Water is dangerous stuff.  People in Japan and New Jersey and the Philippines and New Orleans know that now if they didn’t before. But have you stopped to wonder why people choose to live in places like that anyway? Why would anyone settle down that close to the water when we know what water can do? Well, they live there because water is also a source of life. You can make a living out of fishing and out of commerce. Who would live in the midwest if not for the Mississippi? Who would live in San Francisco, or New York or London if not for the water-borne commerce? The Book of Revelation pictures a stream of water flowing through the new Jerusalem and wherever the water comes it brings life.  Rivers bring life. They also bring floods, and bring death.

I like to point out to parents of a baby to be baptized  that water is a sign of death. We symbolically sink that child down between the walls of water, bury the child in the water, because that child needs to pass through death as we all do to come to the place of life. Baptism is a symbol of life in the church; it’s what the Hebrews were doing in the Red Sea; passing through death to get to life. But we get there by keeping our eyes on the goal, on the road ahead, not being distracted by what other people around us are doing or not doing; just keeping straight on, doing what needs to be done.

And don’t worry about the Egyptians either.  Yes, they have a pretty big army and all the latest equipment: chariots with real wheels on them, horses that can outrun you without trying.  Much good it did them.  Why are we so fixated on the numbers game?  If we need more people, God will know that before we do and provide. But maybe we have all the people we need to do what needs to be done. It’s not about success; it’s about serving God.  We Americans have the strongest army in the history of the world but that isn’t going to decide the course of world events. It’s not size and human power that determines the outcome. If you read the Bible, you can’t help getting that message. The Romans had the biggest army in the middle east but the Roman empire crumbled and the Christian church survived. When God calls people to serve the Kingdom, God provides the means to do the job. Not the power we might have liked to have but enough with faith, just barely enough, to do what needs to be done.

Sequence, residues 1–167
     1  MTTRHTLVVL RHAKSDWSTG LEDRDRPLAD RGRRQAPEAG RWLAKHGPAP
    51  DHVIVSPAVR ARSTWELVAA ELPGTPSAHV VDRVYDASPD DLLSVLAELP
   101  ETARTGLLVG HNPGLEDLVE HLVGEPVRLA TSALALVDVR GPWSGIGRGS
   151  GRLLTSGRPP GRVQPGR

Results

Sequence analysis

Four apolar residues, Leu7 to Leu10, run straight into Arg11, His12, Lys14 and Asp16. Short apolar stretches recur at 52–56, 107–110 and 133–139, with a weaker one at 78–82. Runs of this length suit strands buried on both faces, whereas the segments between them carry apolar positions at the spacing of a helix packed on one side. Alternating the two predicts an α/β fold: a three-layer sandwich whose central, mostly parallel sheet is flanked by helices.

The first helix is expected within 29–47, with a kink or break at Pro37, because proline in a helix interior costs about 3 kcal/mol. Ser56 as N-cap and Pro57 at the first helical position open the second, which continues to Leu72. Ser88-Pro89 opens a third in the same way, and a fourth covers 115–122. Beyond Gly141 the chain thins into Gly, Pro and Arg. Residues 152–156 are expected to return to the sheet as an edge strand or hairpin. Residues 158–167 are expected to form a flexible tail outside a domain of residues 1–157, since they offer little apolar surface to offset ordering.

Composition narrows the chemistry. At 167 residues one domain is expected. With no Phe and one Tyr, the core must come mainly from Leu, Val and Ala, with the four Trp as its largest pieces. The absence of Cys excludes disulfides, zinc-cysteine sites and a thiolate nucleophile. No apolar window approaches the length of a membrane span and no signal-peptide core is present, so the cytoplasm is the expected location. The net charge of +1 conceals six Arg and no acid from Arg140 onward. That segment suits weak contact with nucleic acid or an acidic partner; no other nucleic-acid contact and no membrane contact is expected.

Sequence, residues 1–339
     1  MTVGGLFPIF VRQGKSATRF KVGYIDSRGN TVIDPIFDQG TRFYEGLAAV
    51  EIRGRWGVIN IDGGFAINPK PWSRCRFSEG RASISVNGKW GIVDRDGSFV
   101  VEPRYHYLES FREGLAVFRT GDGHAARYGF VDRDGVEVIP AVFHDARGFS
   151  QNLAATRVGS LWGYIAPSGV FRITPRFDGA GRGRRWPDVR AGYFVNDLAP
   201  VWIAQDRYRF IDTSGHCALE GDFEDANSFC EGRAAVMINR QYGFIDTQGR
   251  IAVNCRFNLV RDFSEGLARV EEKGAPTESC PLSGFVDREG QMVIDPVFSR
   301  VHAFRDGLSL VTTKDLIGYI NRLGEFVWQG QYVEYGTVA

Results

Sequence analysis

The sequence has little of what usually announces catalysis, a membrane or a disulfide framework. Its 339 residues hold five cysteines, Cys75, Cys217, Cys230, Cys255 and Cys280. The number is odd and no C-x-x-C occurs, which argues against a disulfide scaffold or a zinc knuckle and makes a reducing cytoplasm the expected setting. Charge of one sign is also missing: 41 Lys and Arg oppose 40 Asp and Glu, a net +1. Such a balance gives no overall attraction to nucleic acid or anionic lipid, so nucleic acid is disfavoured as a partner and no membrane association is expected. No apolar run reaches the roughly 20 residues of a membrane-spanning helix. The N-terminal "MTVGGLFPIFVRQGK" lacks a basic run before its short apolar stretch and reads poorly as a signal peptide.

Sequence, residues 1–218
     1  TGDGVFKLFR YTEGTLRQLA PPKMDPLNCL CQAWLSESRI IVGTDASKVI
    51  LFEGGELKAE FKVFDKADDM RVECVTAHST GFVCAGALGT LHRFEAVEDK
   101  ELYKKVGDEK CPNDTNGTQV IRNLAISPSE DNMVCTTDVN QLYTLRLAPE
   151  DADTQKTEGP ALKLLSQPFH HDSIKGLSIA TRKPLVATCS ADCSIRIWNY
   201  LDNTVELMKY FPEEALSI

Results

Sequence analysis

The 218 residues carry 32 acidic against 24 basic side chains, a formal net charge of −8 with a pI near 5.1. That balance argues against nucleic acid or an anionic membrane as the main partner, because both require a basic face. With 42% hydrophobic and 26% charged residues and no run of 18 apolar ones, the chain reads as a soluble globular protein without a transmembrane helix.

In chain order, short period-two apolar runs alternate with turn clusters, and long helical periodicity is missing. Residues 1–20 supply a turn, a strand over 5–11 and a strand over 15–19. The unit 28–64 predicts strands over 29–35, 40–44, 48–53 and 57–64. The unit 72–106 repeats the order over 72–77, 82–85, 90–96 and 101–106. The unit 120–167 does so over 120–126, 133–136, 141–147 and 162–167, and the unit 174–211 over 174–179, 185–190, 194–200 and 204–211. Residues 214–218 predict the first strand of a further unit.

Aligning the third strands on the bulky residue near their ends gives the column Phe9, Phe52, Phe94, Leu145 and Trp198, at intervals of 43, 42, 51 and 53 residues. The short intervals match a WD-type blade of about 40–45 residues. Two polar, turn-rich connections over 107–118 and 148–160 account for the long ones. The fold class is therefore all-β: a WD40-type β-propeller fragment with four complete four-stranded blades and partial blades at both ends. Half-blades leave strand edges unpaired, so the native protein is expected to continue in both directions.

And one more thing: did you notice what Moses did by way of leadership? Stretched out his hand. That’s all: just stretched out his hand.  Was he the first one through or the last? The Bible doesn’t say.  Maybe he just stood there with his hand out and let people do their thing. Sometimes people who want to be leaders can get in the way.  Moses maybe knew that and just stood back and watched. It’s not leadership to do things for people; that cripples them. It’s leadership to stand back and let people do what needs doing themselves.

The Chinese sage, Lao-tse once said: A leader is best when people barely know he exists. Not so good when people obey and acclaim him. Worse when they despise him. But of a good leader who talks little, when his work is done, his aim fulfilled, they will say: “We did it ourselves.”

And indeed that is what God wants you to say.  Because you are the people of God in this place. Tsunamis and hurricanes are probably not much of a threat in the Sunset, the Red Sea is a long way off, but our situation is not much different from that of Moses and the Hebrew people or Paul and the people of Corinth. God has given us amazing resources: a wonderful building, deeply committed people, and a job to do. We have much for which to be thankful and if we keep our eyes on the land ahead and keep walking, keep on walking, just keep on walking with confidence that God will get us through God will keep those walls of water right where they are as long as necessary for us to cross over. And we will cross over, and we will give God the praise.